The morning glory disc anomaly is associated with transsphenoidal encephalocele,[1] and with hypoplasia of the ipsilateral intracranial vasculature (which can be visualized by magnetic resonance angiography).[5] [6] Children who have this occult basal encephalocele have characteristic facies, which consist of mild



Figure 188-2 Morning glory disc anomaly.

hypertelorism with a depressed nasal bridge, a midline notch in the upper lip, and sometimes a midline cleft in the soft palate. Respiratory symptoms of transsphenoidal encephalocele in infancy may include rhinorrhea, nasal obstruction, mouth breathing, or snoring. Most affected children have no overt intellectual or neurologic deficits, but panhypopituitarism is common. Patients who have morning glory discs are also at risk for acquired visual loss. Nonrhegmatogenous retinal detachments develop in approximately one third of eyes with morning glory discs and usually involve the peripapillary retina.[5] Controversy exists about the source of subretinal fluid; however, intraoperative findings in one case showed that the vitreous cavity, subarachnoid space, and subretinal space were all interconnected. (See Chapter 187 .)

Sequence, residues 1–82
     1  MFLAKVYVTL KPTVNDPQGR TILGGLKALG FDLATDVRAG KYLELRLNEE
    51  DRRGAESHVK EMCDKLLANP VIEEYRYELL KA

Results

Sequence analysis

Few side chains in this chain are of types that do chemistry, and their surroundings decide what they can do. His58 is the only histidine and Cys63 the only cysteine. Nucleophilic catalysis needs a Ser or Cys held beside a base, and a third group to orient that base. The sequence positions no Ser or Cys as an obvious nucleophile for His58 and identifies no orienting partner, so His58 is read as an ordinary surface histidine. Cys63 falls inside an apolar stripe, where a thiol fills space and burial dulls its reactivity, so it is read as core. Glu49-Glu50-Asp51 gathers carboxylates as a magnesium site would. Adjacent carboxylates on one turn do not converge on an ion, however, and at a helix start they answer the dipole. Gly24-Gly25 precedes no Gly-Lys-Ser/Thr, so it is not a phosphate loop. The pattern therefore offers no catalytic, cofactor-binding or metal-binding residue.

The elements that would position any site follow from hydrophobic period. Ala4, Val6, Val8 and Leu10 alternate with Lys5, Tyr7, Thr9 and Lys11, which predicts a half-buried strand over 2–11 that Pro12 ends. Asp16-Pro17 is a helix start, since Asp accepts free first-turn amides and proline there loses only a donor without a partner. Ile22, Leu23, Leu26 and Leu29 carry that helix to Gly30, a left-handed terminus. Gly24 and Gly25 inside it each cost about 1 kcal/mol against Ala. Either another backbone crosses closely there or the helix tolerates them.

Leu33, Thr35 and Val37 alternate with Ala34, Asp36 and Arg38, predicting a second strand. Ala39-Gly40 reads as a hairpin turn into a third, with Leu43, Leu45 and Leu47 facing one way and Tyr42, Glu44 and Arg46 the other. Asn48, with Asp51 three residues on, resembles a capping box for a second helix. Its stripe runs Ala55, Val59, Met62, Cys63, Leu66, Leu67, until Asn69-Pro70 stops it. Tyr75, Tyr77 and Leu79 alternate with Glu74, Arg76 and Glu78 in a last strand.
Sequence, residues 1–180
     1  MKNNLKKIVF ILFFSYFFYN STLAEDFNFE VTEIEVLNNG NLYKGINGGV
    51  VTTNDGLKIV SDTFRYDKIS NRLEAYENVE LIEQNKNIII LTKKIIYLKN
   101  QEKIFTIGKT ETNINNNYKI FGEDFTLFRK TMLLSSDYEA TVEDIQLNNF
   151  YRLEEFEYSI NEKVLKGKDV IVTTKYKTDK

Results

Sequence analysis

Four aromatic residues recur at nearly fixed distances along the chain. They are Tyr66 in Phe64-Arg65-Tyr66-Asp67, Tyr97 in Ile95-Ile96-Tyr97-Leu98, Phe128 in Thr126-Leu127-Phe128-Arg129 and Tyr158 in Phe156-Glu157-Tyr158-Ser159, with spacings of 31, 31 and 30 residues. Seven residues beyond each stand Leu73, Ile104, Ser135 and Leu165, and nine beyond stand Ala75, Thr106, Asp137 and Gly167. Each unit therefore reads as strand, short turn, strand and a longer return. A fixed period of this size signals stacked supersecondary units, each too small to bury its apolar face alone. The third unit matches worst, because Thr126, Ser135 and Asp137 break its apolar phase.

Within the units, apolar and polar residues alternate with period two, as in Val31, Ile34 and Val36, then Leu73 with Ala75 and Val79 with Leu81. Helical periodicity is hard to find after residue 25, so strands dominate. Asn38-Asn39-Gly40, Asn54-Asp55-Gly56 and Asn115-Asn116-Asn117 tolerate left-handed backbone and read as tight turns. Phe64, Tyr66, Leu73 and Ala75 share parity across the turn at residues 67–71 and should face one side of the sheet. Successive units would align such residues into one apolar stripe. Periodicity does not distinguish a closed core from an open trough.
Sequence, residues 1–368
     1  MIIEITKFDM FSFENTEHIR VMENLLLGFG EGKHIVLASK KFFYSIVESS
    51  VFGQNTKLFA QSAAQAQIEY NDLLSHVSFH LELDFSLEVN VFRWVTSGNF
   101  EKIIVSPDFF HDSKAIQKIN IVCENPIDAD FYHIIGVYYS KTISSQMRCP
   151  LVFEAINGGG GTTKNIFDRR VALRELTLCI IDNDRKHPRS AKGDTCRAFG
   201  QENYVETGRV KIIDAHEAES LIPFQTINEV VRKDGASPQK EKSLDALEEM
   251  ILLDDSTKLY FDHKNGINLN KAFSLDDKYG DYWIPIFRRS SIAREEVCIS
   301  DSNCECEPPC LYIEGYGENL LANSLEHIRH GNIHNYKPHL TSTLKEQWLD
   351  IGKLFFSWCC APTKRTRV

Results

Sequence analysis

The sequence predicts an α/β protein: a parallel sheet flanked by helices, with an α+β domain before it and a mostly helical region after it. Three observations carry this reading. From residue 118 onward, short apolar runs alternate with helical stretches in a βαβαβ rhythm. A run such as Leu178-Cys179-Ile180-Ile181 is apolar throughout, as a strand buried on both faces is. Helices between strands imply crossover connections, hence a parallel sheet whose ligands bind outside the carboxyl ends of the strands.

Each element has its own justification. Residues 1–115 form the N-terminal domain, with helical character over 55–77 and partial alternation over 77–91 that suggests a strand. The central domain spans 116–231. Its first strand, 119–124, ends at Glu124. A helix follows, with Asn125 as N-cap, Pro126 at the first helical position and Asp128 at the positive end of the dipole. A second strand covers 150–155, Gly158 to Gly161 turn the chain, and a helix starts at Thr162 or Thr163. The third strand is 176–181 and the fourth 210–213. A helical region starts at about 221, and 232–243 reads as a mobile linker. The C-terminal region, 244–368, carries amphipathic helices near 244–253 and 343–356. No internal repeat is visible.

In optic disc coloboma, the disc appears enlarged and a sharply demarcated, glistening white, bowl-shaped excavation occurs ( Fig. 188-3 ).[7] The inferior rim of the disc is thinner than the superior rim, which reflects the position of the embryonic fissure relative to the primitive epithelial papilla. The excavation may extend inferiorly to involve the adjacent choroid and retina, in which case microphthalmia is frequently present. In some instances, the entire disc is excavated, but the colobomatous nature of the defect can still be appreciated ophthalmoscopically because the excavation is deeper inferiorly. The excavation is contained within the colobomatous optic disc, as opposed to the morning glory disc anomaly, in which the disc falls within the excavation.[7] Visual acuity may be minimally or severely affected, depending upon the extent of the lesion. Although the optic disc area appears enlarged, optic disc coloboma is actually an inferior segmental form of optic nerve hypoplasia. The only remaining neural tissue lies superiorly in a C-shaped or moon-shaped crescent ( Fig. 188-3 ).